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Ascension Day

Jesus said to his disciples, “These are my words that I spoke to you while I was still with you—that everything written about me in the law of Moses, the prophets, and the psalms must be fulfilled.” Then he opened their minds to understand the scriptures, and he said to them, “Thus it is written, that the Messiah is to suffer and to rise from the dead on the third day, and that repentance and forgiveness of sins is to be proclaimed in his name to all nations, beginning from Jerusalem. You are witnesses of these things. And see, I am sending upon you what my Father promised; so stay here in the city until you have been clothed with power from on high.”

Then he led them out as far as Bethany, and, lifting up his hands, he blessed them. While he was blessing them, he withdrew from them and was carried up into heaven. And they worshiped him, and returned to Jerusalem with great joy; and they were continually in the temple blessing God.

Luke 24:44-53

This past Sunday, I had the chance to do a small children’s chapel service over Zoom. After we had talked about our mothers—about how much we love them, especially on a day like Mother’s Day!—we dove right into the story of the upcoming feast: that of Ascension Day, which takes place on Thursday of this week.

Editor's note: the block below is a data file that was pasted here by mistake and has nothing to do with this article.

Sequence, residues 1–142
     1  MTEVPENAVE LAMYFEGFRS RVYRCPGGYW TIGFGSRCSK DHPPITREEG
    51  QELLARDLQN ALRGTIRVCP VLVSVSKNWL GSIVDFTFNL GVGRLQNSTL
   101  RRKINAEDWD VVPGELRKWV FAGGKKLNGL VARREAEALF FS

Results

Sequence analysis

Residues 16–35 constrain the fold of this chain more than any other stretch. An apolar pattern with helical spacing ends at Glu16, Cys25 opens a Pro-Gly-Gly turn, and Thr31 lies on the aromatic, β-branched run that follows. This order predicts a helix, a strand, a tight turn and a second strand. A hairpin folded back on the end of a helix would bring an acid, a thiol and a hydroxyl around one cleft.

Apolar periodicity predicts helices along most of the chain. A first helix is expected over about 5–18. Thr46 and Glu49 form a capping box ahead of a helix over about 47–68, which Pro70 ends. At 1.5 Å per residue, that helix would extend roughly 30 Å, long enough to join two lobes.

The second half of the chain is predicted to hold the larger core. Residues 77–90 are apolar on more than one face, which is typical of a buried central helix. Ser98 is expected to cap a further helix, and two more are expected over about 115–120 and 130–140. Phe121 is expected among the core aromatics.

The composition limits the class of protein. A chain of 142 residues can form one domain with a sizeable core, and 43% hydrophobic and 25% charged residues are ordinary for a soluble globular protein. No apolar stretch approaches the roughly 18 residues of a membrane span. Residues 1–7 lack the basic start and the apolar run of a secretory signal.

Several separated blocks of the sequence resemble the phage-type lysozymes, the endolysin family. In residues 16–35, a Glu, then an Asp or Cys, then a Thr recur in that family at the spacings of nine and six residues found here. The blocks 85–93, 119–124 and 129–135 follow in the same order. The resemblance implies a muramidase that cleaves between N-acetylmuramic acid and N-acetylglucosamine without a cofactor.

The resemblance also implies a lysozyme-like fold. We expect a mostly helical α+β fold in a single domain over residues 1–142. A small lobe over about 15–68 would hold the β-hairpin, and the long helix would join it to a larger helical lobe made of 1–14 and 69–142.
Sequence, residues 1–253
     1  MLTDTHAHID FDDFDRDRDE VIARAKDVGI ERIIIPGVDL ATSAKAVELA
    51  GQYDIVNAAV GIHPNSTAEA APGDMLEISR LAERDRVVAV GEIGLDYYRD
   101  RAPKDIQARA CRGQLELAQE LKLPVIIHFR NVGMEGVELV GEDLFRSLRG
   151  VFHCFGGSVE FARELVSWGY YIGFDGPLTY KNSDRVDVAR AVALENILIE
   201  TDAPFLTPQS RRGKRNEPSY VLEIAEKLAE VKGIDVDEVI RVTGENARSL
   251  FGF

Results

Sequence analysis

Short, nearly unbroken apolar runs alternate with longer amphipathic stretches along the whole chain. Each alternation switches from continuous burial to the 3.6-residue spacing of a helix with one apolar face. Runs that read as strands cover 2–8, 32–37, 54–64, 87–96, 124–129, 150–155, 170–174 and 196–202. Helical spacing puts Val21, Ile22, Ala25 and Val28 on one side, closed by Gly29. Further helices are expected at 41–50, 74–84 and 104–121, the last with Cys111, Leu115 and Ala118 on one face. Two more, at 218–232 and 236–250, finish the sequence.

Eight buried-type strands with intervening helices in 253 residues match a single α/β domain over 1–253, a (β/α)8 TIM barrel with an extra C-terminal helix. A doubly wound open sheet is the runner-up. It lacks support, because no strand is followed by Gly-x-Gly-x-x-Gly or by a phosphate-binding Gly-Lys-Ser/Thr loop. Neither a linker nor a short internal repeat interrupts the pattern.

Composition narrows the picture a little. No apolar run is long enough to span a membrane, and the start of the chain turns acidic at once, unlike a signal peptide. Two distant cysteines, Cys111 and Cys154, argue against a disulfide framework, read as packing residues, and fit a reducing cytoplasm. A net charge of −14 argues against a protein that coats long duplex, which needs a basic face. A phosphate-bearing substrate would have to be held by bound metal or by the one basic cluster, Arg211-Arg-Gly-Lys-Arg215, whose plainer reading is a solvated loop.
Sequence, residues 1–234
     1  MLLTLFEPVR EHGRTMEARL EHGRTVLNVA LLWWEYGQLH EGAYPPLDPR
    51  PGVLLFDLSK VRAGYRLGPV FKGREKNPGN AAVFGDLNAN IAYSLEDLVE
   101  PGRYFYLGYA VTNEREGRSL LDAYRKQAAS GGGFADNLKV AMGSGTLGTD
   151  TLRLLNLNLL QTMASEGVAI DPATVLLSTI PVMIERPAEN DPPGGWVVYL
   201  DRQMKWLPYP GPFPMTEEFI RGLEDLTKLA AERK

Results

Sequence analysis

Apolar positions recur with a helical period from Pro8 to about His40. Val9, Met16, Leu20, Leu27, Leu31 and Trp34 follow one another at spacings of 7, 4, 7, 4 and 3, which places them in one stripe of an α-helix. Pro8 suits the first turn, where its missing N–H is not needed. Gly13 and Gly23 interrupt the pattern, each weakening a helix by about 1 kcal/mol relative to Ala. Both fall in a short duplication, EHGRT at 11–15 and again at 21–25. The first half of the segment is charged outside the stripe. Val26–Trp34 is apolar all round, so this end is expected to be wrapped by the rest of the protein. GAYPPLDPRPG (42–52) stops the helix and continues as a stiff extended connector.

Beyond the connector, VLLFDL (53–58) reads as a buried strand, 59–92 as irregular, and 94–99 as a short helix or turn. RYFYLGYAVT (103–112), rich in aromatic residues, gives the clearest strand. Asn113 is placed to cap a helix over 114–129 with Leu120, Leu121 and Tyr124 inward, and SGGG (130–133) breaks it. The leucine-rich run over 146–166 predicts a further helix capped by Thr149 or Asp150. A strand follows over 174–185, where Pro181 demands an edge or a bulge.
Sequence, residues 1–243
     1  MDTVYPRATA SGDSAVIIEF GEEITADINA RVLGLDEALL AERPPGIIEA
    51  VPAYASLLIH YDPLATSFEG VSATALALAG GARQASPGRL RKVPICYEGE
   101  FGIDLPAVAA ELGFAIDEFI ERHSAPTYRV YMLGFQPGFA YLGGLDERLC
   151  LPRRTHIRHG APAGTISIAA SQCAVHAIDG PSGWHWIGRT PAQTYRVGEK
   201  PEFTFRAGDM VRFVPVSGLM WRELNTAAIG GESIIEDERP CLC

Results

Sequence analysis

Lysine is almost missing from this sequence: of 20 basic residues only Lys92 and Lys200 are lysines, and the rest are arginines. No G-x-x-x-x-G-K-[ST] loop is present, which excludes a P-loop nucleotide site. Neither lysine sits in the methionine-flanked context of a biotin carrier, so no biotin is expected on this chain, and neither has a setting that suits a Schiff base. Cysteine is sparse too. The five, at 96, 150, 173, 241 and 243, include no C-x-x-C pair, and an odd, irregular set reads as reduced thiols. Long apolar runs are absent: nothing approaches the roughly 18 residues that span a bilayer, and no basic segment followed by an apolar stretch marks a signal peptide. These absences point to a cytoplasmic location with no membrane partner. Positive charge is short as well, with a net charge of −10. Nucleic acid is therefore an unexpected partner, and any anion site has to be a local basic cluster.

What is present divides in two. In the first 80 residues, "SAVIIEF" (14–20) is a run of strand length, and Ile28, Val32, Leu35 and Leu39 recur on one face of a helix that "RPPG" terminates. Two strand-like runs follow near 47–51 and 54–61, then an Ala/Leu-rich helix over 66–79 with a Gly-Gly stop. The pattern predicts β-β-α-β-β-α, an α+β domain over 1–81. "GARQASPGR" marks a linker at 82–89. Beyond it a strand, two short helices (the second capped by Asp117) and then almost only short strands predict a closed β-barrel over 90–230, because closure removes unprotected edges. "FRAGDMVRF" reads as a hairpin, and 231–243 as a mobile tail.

Sometimes we miss those feasts that do not fall on the Sunday worship calendar. Ascension Day marks Jesus’s departure from this world after the resurrection. It takes place exactly 40 days into the Easter season. The Feast of Pentecost—the Church’s birthday—takes place 50 days after Easter, and it marks our transition into ordinary time.

As I told the children the story, we arrived at a page in the Children’s Bible that had a picture of a few forlorn disciples looking up at a clear blue sky, not a cloud in view. Jesus has left the building. The disciples are left to wonder as to what comes next.

I wonder what that felt like, the surprise of the resurrection compounded by yet another departure. In the gospels, we learn that Jesus was resurrected in his body, the body the disciples had known and touched: he is no apparition, but a real person bearing the marks of crucifixion in his flesh. And yet here, on Ascension Day, we remember that, though he came back to life—though we have the disciples’ witness and proclamation to back that up—we do not get to experience him in the flesh like they did. He left, again. We, the disciples who heard about him second hand, are still waiting for his return.

Elsewhere in the gospels, the resurrected Jesus turns to doubting Thomas: “Have you believed because you have seen me? Blessed are those who have not seen and yet have come to believe” (Jn 20:29). Yes, we do not get to experience Jesus in the flesh—what a gift that would be! But he has not left us without comfort: he lives on in our hearts as the burning, refining Spirit, a vision and guarantee of a world yet to come. He lives on in the breaking of bread, as we gather at the Lord’s Table each Sunday. He lives on in the hands and feet of those who follow after him: the people who carry his message forth to all the nations, proclaiming with great joy that our Savior lived, died, rose again—and who is, even now, preparing a place for each and everyone of us. “Having loved his own, he loved them to the end…”

—Fr. Javier